Monday, August 27, 2012

Three Sites at the Coliseum Most People Don't Know About

Overall, Rome was more disappointing than I wanted it to be (it was very touristy, had lots of gypsies and good food was hard to find).  But, I am an ancient world history teacher and was enthralled to see landmarks from thousands of years ago.

The Coliseum, originally called Flavian Amphitheatre, was
finished in 80 A.D.  Frank loved hearing all these random
facts.  And by "love," I mean, "was annoyed by."
Specifically, the Coliseum could not possibly have impressed me more – mainly because we made the best decision to pay extra money for a tour and see three things most people do not.  In my opinion, this was an economical move because we got way more bang for our buck!

You know we're on a tour because of these little intercoms
around our necks.
Frank would never have given me to okay to purchase tickets for a tour, so I did it very quickly so he wouldn’t be the wiser. 

He didn't even know what hit him!
 I had read in some tour guides that you have to book a tour underground online or at least a day in advance – that is not true.  You should have cash though.  I did not and we had to wait a longer line to pay with credit card.  Regular admission to the Coliseum is €12, and that includes entrance to Palatine Hill and the Roman Forum as well.  For an extra €8 per person, we went to three spots the average visitor does not, including the hypogeum.

FIRST... People in our tour group were the only ones allowed on this huge platform.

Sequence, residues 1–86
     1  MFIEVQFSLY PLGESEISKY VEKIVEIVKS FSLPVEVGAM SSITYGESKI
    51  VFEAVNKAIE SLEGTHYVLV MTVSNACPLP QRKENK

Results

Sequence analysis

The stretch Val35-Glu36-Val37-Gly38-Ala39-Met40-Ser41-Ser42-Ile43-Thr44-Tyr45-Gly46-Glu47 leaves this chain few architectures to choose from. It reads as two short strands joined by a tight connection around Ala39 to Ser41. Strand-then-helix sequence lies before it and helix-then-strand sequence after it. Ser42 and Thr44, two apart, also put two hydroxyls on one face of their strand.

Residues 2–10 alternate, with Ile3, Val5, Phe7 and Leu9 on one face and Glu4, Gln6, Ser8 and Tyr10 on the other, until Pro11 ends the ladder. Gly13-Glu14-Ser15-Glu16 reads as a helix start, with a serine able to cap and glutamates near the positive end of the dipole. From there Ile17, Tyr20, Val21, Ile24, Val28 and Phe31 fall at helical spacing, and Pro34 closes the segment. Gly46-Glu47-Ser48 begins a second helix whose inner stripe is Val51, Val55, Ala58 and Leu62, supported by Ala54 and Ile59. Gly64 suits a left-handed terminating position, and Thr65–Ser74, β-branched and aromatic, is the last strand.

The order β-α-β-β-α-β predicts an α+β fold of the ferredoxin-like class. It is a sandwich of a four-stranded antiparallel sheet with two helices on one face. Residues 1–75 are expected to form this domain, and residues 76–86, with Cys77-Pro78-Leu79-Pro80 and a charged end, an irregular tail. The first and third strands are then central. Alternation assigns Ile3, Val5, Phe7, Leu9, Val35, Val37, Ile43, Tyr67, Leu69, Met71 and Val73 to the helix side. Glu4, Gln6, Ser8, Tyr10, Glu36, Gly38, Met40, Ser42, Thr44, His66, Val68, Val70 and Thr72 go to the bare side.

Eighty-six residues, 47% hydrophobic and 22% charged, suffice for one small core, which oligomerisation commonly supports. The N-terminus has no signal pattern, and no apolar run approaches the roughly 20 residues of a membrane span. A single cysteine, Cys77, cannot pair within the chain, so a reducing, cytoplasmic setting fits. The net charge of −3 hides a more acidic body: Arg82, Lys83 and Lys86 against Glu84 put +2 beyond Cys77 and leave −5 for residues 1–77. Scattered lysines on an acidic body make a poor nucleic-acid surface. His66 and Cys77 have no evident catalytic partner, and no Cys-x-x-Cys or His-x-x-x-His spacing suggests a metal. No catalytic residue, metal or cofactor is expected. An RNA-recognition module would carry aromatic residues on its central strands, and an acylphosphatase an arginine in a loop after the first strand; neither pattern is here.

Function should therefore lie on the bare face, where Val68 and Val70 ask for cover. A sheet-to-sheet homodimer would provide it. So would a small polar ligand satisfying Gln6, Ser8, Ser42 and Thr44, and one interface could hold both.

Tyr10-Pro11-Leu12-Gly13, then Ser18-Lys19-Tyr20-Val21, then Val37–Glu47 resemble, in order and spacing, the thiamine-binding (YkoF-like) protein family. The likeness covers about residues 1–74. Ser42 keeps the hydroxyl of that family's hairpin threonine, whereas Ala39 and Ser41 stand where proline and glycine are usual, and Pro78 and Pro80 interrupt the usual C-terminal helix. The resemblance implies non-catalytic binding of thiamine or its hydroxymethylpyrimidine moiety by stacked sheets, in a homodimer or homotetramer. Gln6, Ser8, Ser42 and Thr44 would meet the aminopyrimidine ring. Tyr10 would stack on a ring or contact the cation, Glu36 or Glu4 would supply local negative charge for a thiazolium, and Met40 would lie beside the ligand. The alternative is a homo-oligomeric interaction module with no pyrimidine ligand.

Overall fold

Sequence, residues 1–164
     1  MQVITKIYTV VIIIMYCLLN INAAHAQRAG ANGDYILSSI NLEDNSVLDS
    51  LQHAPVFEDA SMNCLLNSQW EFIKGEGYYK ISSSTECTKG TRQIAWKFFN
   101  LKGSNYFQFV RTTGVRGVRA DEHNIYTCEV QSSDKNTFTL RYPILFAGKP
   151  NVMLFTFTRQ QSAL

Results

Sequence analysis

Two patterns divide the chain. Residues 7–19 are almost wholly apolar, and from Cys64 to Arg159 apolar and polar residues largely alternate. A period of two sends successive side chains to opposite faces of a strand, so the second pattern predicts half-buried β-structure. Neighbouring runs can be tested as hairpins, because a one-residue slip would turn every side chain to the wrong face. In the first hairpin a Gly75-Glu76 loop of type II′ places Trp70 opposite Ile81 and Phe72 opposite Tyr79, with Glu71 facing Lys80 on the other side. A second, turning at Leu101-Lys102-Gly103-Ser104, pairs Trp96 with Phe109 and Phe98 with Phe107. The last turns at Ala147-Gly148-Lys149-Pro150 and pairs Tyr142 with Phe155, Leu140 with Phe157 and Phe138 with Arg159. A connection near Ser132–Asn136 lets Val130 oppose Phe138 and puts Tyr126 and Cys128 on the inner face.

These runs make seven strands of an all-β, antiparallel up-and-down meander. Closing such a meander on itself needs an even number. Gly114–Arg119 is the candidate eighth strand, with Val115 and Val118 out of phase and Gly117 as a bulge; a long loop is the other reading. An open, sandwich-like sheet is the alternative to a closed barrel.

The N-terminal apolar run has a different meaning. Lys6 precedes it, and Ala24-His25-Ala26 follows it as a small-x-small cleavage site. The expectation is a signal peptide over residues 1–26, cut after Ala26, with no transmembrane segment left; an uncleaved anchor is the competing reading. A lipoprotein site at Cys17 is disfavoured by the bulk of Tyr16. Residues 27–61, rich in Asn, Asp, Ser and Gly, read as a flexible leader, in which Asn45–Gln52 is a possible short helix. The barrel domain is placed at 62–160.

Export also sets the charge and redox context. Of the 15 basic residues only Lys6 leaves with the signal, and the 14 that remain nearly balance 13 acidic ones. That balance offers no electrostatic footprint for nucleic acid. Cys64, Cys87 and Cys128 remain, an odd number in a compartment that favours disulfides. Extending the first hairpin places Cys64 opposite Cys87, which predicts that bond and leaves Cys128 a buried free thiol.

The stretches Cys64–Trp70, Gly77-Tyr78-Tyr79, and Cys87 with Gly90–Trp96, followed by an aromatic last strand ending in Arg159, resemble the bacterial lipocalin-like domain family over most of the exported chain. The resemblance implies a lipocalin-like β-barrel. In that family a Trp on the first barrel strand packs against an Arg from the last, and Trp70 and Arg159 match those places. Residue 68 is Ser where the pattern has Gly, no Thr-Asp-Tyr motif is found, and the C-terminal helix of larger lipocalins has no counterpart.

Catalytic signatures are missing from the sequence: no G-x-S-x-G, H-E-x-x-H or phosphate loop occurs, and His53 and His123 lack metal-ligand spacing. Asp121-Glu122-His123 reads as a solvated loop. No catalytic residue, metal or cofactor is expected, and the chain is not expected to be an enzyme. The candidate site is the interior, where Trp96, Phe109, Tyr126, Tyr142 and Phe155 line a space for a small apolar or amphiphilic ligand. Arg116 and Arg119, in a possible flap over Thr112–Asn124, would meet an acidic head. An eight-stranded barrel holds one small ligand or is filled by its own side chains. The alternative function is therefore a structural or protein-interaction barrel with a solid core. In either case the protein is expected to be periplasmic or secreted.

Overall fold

In the distance, you can see all the rest of the tourists crowded onto a little tiny platform on the other side.

See everyone else in the distance?  Haha, suckers!
Our tour company, Pierreci, had an excellent guide.  She was informative, but she also gave us plenty of time to explore on our own.

The only seats left in the Coliseum.  Actually, these were reconstructed,
but all of the seats were taken out after the Coliseum was not in use
anymore.  The seats, along with many other parts of the Coliseum,
were used to build churches else in the Roman Empire.

SECOND – Then it was downstairs to the hypogeum.  

That’s the underground part of the Coliseum where the animals were kept in cages and then raised to the floor to fight with the gladiators.

This may look like nothing, but it was part of the elevator system
used to bring the animals up.  I was incredibly impressed because
it's more than 1,900 years old!
 On the down side, you have to stay in one little roped off area of the hypogeum.  On the up side, it smelled old as well.

THIRD – Our little tour group got to make its way up to the third level.  

You can see everyone else on only the first and
second levels.
 From here, you could not only the entire Coliseum, but most of ancient Rome.

That's the Arch of Constantine in the foreground with Palatine
Hill and the Roman Forum in the background.
Even though the allure of this tour was supposed to be the underground, I was most impressed with being up here, high above the other visitors who didn’t even know we were looking down at one of the most incredible structures in the world.

Another part of the Coliseum where people had
started to dismantle it for materials.

Total Cost: €20/person, about $25

Best Deal: The price also includes admission to Palatine Hill and the Roman Forum

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